We are crossing fingers. The Tajik visa should be obtained at 16H00 and then we would be off by road for about 3 hours to Oybek the little village on the border. We’ll cross on foot to the Tajik side and catch another marshrutka for another 2 hours before reaching Khojand where we intend to sleep.
We are waiting at a Kontinent food court, the same French Continent. Loud music on large tv screens with advertisement in French and French clip music. Wifi is free and loads of youngsters spend time here during the present school holidays. We could be anywhere in the world except for the Cyrillic ads and menu.
Talking about food. It is amazing as populations take on the conquerors cuisine. I would guess that the present Central Asian food came from the Mongols which means that the name varies from place to place but are only different versions (adapted locally) of the same original recipe. Typical examples are Plov, pilov, pilav, pilaf, pilau, pilao, polo, plo. It even came down to Mauritius. It was renamed and spiced up in India who got it from the Moghuls. It is probably not a coincidence that Indian Rajasthan near the Jaisalmer desert sounds similar to the Samarkand Registan (Sandy place in Tajik). One is not to forget that Babur who came to India was one of Tamerlane grandson. Another example is Kebab and shashlik which runs from Xinjiang, China, to India and Turkey. Same for Samsa, Somsa, Samoosa(India), Sambusa (Tajikistan) Sambucek (Lebanon) , the triangular pastry with various fillings, vegetable or meat.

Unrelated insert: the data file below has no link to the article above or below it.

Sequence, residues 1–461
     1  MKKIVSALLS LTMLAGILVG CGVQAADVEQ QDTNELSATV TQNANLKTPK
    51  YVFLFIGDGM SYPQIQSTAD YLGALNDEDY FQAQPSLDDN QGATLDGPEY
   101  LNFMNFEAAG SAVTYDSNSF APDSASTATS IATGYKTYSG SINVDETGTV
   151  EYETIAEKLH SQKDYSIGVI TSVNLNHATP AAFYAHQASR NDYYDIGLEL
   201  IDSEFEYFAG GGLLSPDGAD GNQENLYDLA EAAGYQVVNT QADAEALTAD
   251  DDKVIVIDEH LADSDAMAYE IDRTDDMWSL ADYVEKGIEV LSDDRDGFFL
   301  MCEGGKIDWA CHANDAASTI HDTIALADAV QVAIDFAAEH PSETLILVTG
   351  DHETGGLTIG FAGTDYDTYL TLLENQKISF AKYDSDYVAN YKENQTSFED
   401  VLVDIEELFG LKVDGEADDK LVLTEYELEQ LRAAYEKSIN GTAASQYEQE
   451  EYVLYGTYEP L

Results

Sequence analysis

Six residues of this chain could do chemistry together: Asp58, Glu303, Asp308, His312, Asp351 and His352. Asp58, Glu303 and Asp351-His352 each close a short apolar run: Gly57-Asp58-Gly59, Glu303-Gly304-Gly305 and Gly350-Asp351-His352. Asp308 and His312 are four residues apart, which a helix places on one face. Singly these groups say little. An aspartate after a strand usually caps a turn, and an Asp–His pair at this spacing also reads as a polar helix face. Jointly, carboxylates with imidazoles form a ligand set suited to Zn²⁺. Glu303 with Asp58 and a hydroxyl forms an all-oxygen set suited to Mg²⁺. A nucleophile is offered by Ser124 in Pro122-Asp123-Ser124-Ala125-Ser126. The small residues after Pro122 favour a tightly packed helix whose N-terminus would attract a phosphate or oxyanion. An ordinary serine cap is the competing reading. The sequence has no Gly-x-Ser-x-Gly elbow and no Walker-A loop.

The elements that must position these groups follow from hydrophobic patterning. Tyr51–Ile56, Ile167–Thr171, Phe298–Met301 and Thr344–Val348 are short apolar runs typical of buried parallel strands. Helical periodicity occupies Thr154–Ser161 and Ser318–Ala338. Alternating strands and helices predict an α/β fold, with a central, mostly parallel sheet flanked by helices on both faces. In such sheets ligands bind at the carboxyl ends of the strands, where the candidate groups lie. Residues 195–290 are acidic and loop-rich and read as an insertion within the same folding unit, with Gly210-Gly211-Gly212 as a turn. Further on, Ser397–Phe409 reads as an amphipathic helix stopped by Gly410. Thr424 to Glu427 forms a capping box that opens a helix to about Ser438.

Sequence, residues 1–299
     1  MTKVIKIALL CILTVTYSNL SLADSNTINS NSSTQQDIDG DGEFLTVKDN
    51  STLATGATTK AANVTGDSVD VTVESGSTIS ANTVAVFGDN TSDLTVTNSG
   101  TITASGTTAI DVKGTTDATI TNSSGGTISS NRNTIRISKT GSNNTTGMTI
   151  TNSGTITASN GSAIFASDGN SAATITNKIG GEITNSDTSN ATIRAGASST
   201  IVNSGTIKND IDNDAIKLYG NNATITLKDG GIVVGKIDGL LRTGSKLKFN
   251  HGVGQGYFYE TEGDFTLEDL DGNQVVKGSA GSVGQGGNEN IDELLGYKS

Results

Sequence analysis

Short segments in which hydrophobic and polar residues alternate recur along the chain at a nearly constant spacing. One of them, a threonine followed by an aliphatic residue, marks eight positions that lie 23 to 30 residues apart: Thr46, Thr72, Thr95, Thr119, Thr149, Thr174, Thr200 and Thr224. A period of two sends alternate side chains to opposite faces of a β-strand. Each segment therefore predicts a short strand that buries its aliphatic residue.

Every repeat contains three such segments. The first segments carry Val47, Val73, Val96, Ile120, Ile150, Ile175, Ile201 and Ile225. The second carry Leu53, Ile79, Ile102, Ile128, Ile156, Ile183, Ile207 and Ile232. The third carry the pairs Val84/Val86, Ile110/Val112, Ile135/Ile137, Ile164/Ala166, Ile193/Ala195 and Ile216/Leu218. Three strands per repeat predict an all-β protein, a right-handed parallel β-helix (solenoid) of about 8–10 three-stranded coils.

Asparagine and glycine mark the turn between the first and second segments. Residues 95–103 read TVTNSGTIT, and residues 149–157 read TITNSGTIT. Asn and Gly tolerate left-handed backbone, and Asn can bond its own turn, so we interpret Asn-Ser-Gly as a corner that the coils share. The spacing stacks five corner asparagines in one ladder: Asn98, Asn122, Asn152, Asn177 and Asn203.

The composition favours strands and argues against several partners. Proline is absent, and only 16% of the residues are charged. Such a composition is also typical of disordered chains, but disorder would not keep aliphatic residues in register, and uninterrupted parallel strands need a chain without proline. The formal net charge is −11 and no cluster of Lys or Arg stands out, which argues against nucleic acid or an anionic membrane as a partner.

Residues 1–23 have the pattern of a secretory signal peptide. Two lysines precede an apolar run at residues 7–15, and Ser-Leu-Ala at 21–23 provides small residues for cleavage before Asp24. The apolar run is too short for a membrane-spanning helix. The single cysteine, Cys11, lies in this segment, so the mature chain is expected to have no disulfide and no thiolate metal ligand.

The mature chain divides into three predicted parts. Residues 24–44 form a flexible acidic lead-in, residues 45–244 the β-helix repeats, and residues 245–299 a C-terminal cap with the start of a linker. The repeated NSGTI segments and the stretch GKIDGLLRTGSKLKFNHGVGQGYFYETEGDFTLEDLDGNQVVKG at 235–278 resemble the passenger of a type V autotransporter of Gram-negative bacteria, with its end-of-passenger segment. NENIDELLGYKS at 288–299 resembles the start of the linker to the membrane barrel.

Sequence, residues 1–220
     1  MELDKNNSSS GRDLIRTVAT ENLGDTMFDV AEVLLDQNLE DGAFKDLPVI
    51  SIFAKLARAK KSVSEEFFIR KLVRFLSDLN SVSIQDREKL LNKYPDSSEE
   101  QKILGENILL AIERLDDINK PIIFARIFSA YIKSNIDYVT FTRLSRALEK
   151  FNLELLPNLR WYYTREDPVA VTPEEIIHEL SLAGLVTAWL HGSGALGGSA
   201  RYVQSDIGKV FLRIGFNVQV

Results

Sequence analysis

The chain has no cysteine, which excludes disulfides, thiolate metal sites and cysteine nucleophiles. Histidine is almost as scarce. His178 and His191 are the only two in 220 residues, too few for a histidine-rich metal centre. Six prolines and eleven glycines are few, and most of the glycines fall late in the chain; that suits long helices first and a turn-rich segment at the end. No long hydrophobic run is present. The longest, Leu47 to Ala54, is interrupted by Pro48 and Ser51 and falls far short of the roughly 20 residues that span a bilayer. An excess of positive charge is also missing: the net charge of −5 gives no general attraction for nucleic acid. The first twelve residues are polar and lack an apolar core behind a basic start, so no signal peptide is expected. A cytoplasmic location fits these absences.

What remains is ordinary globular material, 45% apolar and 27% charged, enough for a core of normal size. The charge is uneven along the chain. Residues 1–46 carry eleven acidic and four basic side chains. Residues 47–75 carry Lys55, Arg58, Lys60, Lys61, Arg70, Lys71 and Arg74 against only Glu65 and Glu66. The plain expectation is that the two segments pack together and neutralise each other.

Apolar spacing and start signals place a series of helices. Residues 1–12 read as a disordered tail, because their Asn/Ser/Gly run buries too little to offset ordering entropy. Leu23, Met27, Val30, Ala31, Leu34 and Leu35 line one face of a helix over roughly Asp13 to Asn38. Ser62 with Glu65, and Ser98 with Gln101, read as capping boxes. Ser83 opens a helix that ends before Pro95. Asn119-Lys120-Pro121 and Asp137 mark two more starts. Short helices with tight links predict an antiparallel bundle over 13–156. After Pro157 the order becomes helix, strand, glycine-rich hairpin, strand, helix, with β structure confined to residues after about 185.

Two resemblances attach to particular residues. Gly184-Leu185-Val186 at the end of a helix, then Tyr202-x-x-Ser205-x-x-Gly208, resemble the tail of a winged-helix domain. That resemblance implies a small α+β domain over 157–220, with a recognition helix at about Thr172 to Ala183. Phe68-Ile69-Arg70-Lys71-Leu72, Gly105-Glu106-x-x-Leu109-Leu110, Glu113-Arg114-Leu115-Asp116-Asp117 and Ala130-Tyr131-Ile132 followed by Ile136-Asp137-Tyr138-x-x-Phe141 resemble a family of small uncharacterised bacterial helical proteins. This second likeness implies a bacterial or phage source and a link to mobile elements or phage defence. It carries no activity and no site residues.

Dumplings originally from China, now: Pilmieni, Pierogi (Russia, Ukraine, Latvia, Estonia), manti (Turkey,Central Asia), wantan/wonton,Jiaozi, Kiao, baozi,(China) Khinkhali (Georgia), Dusbere (Azerbaijan) or even ravioli (Italy) in soup. We are eating them every day in their different versions, here with mutton and beef going to pork in China or Georgia. We prefer not to spend too much time asking of what the filling is made of. All of this shows a very early form of globalisation long before the Macdo.